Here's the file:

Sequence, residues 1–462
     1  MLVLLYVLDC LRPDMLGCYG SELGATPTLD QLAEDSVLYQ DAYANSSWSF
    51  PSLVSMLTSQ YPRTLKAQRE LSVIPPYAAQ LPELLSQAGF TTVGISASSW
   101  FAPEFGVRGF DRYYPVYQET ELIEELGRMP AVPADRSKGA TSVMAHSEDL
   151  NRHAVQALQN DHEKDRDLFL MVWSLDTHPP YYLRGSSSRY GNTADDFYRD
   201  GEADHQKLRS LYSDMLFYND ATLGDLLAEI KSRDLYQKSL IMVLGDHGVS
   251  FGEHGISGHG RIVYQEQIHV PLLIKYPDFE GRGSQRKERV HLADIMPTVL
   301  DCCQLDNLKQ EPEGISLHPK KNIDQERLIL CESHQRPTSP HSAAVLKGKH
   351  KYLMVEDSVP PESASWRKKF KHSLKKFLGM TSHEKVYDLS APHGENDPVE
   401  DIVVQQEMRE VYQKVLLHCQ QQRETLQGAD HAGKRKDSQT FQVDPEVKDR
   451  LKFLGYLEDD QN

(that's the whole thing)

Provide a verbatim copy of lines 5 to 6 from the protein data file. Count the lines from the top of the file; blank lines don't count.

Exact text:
   151  NRHAVQALQN DHEKDRDLFL MVWSLDTHPP YYLRGSSSRY GNTADDFYRD
   201  GEADHQKLRS LYSDMLFYND ATLGDLLAEI KSRDLYQKSL IMVLGDHGVS